Intelligence also has to do with the different components of the brain. Mammals have very large cerebral cortexes, unlike birds, fish or reptiles. The cerebellum in mammals houses the cerebral hemispheres, which are responsible for higher functions like memory, communication and thinking. Humans have the largest cerebral cortex of all mammals, relative to the size of their brains.
Heads up; we're looking at a grislier brain myth next.
At one time in history, decapitation was one of the preferred methods of execution, in part thanks to the guillotine. Although many countries that execute criminals have dispatched with the method, it's still performed by certain governments, terrorists and others. There's nothing more final than the severing of one's head. The guillotine came about because of the desire for a quick, relatively humane death. But how quick is it? If your head were cut off, would you still be able to see or otherwise move it, even for just a few seconds?
This concept perhaps first appeared during the French Revolution, the very time period in which the guillotine was created. On July 17, 1793, a woman named Charlotte Corday was executed by guillotine for the assassination of Jean-Paul Marat, a radical journalist, politician and revolutionary. Marat was well-liked for his ideas and the mob awaiting the guillotine was eager to see Corday pay. After the blade dropped and Corday's head fell, one of the executioner's assistants picked it up and slapped its cheek. According to witnesses, Corday's eyes turned to look at the man and her face changed to an expression of indignation. Following this incident, people executed by guillotine during the Revolution were asked to blink afterward, and witnesses claim that the blinking occurred for up to 30 seconds.
Another often-told tale of demonstrated consciousness following beheading dates to 1905. French physician Dr. Gabriel Beaurieux witnessed the beheading of a man named Languille. He wrote that immediately afterward, "the eyelids and lips ... worked in irregularly rhythmic contractions for about five or six seconds." Dr. Beaurieux called out his name and said that Languille's eyelids "slowly lifted up, without any spasmodic contraction" and that "his pupils focused themselves" [source: Kershaw]. This happened a second time, but the third time Beaurieux spoke, he got no response.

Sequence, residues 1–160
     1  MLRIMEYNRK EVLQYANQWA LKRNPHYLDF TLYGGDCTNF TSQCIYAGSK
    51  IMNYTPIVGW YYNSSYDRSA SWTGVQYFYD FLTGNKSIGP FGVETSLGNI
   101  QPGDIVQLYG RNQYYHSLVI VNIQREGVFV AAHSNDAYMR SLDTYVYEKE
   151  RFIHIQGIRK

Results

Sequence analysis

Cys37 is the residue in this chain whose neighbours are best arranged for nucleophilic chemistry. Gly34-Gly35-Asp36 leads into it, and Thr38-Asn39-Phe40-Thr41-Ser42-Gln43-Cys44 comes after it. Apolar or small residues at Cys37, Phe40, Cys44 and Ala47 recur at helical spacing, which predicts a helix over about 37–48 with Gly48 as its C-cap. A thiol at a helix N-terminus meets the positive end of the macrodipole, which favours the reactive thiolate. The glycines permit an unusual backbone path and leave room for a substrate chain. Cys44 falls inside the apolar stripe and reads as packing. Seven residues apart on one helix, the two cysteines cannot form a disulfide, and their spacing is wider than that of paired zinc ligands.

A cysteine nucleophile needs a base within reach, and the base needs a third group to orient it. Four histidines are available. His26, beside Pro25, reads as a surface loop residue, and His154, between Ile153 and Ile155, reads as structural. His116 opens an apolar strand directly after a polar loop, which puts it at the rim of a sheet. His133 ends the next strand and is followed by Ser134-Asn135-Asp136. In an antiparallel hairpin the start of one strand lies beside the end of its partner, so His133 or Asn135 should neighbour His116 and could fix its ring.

These stories seem to give credence to the idea that it's possible for someone to remain conscious, even for just a few seconds, after being beheaded. However, most modern physicians believe that the reactions described above are actually reflexive twitching of muscles, rather than conscious, deliberate movement. Cut off from the heart (and therefore, from oxygen), the brain immediately goes into a coma and begins to die. According to Dr. Harold Hillman, consciousness is "probably lost within 2-3 seconds, due to a rapid fall of intracranial perfusion of blood" [source: New Scientist].
So while it's not entirely impossible for someone to still be conscious after being decapitated, it's not likely. Hillman also goes on to point out that the so-called painless guillotine is likely anything but. He states that "death occurs due to separation of the brain and spinal cord, after transection of the surrounding tissues. This must cause acute and possibly severe pain." This is one of the reasons why the guillotine, and beheading in general, is no longer an accepted method of execution in many countries with capital punishment.
If your head stays on your shoulders, though, it can still be damaged beyond repair. Next, let's take a look about how long brain damage can last.
Brain damage is an extremely scary thing. For something so mysterious and amazing, the brain can actually be quite fragile and susceptible to a multitude of injuries. Brain damage can be caused by anything from an infection to a car accident, and it essentially means the death of brain cells. To many people, the mere idea of brain damage conjures images of people in persistent vegetative states, or at the very least, permanent physical or mental disability.
But that's not always the case. There are many different types of brain damage, and exactly how it will affect someone depends largely on its location and how severe it is. A mild brain injury, such as a concussion, usually occurs when the brain bounces around inside the skull, resulting in bleeding and tearing. The brain can recover from minor injuries remarkably well; the vast majority of people who experience a mild brain injury don't experience permanent disability.
On the other end of the spectrum, a severe brain injury means that the brain has suffered extensive damage. It sometimes requires surgery to remove built-up blood or relieve pressure. For nearly all patients who live through a severe brain injury, permanent, irreversible damage results.
So what about those in between? Some people with brain damage experience permanent disability but can recover partially from their injury. If neurons are damaged or lost, they can't grow back -- but the synapses, or connections between neurons, can. Essentially, the brain creates new pathways between neurons. In addition, areas of the brain not originally associated with some functions can take over and allow the patient to relearn how to do things. Remember the phenomenon of brain plasticity mentioned in the myth about brain wrinkles? That's how stroke patients, for example, can regain speech and motor skills through therapy.